Homily for Mom’s funeral Mass,

June 11, 2009, by John P. Martin, MM


I am somewhat surprised to be talking to you, as Joe knows Mom longer, and my 4 sisters more intimately; for, I have been away from home since age 15. (1)


It is certainly significant that today is the 43rd anniversary of my ordination; one of Mom’s grandest dreams for me, and a source of enormous satisfaction for her. (2) Some of you will remember the custom of the use of a manutergium, the cloth that was used to bind the new priest’s anointed hands and which was to be buried with one’s mother. According to that old tradition, Mom is taking my manutergium with her. (3)


The next day at the Maryknoll Sisters Chapel, I celebrated my first Mass on my youngest sister Ellen’s birthday, which is tomorrow. In my homily, I took off from the theme of my parents being immigrants from a foreign land and I about to go overseas to Mexico, as it were in imitation of them. They had given me the model and it was up to me now to continue to journey, like Ruth making myself at home in the homes of others. (4)


When Dad died in 1992, I came home from India and saw him in his last few days, transformed by his own dying process. I found myself saying spontaneously that Dad had been a GREAT MAN.


This was a transformative thought for me, since in my Irish Catholic upbringing, I had been led to believe that hardly anyone like my humble and simple father got to greatness, let alone holiness in this life. (5)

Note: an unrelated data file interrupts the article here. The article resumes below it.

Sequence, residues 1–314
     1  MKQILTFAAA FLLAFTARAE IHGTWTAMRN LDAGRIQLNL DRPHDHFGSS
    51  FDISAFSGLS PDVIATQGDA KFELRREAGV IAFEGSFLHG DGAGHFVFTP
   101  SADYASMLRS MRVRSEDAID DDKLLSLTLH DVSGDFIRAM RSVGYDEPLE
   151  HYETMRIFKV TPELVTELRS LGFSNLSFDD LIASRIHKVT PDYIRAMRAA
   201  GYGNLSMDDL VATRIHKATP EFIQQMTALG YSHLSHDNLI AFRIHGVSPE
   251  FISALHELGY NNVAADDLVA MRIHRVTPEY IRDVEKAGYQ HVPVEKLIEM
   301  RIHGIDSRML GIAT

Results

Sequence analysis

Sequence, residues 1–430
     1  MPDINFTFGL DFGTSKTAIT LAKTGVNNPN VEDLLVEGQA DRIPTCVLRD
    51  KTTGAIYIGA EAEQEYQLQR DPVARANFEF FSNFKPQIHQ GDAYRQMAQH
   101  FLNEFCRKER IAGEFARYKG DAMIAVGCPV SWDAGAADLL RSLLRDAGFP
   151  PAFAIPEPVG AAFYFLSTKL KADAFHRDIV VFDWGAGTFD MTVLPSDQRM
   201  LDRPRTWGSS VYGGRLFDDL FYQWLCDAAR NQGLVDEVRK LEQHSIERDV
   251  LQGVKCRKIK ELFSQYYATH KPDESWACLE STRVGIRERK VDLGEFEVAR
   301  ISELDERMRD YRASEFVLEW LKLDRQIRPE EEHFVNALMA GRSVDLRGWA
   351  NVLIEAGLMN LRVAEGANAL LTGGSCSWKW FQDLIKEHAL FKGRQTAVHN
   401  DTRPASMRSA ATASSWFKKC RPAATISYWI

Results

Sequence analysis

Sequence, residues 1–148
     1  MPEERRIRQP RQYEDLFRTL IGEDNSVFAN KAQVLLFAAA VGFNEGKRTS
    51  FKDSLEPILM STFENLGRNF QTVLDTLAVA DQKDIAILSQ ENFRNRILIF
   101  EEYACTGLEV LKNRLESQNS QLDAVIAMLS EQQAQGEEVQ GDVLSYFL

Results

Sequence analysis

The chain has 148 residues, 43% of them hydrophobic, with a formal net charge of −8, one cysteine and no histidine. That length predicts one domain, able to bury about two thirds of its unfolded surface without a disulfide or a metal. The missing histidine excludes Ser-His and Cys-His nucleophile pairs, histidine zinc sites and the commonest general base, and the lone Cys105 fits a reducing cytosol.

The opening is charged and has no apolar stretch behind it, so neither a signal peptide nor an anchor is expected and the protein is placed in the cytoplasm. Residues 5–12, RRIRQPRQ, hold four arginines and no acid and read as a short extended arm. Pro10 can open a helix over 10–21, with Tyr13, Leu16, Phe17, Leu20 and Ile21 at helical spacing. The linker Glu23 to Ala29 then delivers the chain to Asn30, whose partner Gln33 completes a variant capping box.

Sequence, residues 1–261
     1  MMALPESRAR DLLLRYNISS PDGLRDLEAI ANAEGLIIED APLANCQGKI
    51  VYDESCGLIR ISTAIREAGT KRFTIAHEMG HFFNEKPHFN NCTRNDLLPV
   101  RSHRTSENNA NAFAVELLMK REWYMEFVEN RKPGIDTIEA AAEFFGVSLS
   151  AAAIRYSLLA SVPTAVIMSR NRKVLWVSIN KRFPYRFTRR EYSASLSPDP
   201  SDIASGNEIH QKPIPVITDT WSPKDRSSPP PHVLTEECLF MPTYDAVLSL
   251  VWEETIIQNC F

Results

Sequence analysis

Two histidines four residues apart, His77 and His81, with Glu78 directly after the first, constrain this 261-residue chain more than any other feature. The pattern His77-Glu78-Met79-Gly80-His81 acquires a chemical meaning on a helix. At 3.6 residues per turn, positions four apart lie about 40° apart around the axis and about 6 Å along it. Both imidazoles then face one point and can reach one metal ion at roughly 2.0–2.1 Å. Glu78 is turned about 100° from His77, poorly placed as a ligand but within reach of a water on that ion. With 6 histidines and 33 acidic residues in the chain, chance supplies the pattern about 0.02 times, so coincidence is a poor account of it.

A Bengali word came to my mind: jivanmukta, which to the Hindu means liberated in life. When I used that word to talk to my friends in India about Dad’s funeral, they understood immediately, as they do honor living saints, people who have achieved total liberation from life’s limitations. We Catholics did not tend to say such exalted things about ordinary people: maybe, we might have said with one foot in heaven or some such phrase, meaning having attained salvation in life. But who believed it then? (6)


And so now I am prone to believe that there is a lot of greatness and sanctity all around us, maybe because we are paying more attention to our heart and spirit that intuitively show us true love, holiness, wholeness and life in the fullest. We are no longer fearful for the fate of good people. (7)


Mom wasn’t born into this state, that she absolutely enjoyed in her later years, as I am suggesting to you. She had a long road to get to 97 ¾ years of full love, life, holiness and wholeness, but SHE DID IT!! All who met her in recent years could testify to this. She had to GO THROUGH A LOT to get here. (8)


About 15 years ago, I overheard Mom talk about her childhood, opening a rare window for me into her life. She spoke of how her father was kidnapped one night by the infamous Black and Tans militia about 1921, at the time of the Troubles when the Irish were struggling for independence from England. Mom was all of 10 years old. She and her mother spent one horrible night in prayerful vigil, and were rewarded with his return home the next morning. But … Mom made the comment that he was never the same again! This reverberated in my heart as something truly significant and led me to feel great empathy for her, and for so many others who have been victimized by terror at a tender age. In my words, she carried from the age of 10 a great disappointment all her life, surely reinforced by many later experiences. I can only rely on my intuition to reveal to me the enormity of the burdens that she carried inside her, but not any image or story from her mouth. (9)